I depart Havelock with some trepidation as the fuel situation hasn’t magically rectified itself overnight. The rain is thumping down in sheets making visibility intermittent at best. Despite this I take Queen Charlotte Drive as it is rather shorter than the main highway and likely to be considerably more interesting. My expectations are exceeded. The road is partially missing in several places and liberally adorned with rocks, mud and trees in piles ranging from barrow loads to truck-sized. Negotiating these is mildly exciting especially when they jump out from corners and surprise one. I stick to the middle of the road where possible in order to prevent accidental disappearance over the edge or into a bottomless pit. After 35 minutes I arrive on the outskirts of Picton to find a bunch of sodden gentlemen attired in glo-vests attempting to make a ‘road closed’ sign stand up on the bitumen with the help of a tyre and two sandbags. I wonder briefly how the semi-trailer that passed me got past the motor home I passed earlier. Tight fit, I imagine.
Much later in the day I arrive in Wellytown on the ferry. It makes slow progress against big waves and torrential rain. Being blessed with a cast-iron tummy I simply enjoy the ride. In Wellington it continues to rain and on observing the evening news I discover that the roads around the south island have literally been closing behind me on my journey. Beginning to feel more than a little Frodo-like.
I spend the morning packing up my dye samples in the hope that I can convince Quarantine and Customs on Oz that my intentions are pure. Alas, they are deeply suspicious and confiscate all my beautiful Nothofagus obliqua leaves. Tempting as it is to have a serious hissy fit I take it as a sign that the Universe has plans for me to return some other time…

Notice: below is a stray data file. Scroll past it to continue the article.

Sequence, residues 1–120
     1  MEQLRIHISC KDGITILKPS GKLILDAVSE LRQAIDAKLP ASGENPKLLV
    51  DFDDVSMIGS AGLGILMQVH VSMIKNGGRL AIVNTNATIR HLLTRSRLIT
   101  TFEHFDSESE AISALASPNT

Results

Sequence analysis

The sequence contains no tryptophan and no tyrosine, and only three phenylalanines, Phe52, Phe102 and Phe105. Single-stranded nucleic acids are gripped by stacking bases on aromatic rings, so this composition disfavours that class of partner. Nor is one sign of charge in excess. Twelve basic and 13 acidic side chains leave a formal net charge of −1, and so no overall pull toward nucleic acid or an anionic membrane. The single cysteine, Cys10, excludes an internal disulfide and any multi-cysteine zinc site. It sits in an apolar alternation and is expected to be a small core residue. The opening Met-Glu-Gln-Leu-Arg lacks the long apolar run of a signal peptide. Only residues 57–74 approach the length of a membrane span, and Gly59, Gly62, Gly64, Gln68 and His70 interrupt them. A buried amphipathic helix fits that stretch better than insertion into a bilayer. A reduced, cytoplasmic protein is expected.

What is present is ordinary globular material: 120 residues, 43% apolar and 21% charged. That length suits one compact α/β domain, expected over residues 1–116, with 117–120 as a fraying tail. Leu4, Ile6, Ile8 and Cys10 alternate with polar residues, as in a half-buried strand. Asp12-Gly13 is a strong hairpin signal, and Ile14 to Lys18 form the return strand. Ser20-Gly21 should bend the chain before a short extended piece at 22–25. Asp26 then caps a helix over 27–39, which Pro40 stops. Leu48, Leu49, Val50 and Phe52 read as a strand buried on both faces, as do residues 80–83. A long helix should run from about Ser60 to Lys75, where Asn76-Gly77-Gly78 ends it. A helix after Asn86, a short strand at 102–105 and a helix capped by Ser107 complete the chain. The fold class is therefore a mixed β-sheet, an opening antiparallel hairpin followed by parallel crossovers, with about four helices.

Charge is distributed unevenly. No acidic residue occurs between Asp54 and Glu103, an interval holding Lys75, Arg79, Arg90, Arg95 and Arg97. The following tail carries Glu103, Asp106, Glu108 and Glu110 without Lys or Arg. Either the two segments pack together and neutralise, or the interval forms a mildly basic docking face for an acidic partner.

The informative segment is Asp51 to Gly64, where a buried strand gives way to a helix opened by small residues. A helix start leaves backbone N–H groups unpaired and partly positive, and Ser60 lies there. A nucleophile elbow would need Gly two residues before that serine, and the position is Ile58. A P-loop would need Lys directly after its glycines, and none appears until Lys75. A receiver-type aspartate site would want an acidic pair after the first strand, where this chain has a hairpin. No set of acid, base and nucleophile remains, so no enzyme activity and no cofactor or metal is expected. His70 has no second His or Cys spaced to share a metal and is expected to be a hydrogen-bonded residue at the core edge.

Sunday, 24 August 2008
Sunday, 17 August 2008
so i bought it.
and when i opened my pirate chest at home, i discovered that the newspaper (The Adelaide Advertiser) lining the inside was dated September 14th, 1938. here are some snippets from Alexander von Humboldt's birthday nearly 70 years ago.
Friday, 15 August 2008
Thursday, 14 August 2008
inside was a delicious silk shawl, handwoven especially for me by a weaver working with the Avani project (AVANI is a voluntary organization working in the Kumaon region of Uttaranchal, located in the middle ranges of the Central Himalayan region). the 'eri' silk, soft and light as a feather; is gathered from the wild.
why was i so blessed? twas a lovely swap in exchange for a copy of my book, sent to them earlier this year.
i had the good fortune to meet Rashmi Bharti (one of the organisers of the Avani craft project) at the UNESCO Symposium on Natural Dyes in Hyderabad a couple of years ago and we've been corresponding from time to time since then. the craft project helps establish sustainable practices in textile production so that participating villagers can earn an income (and plan for the future) and alongside this they've also been developing simple solar-powered technology to make life a little more comfortable.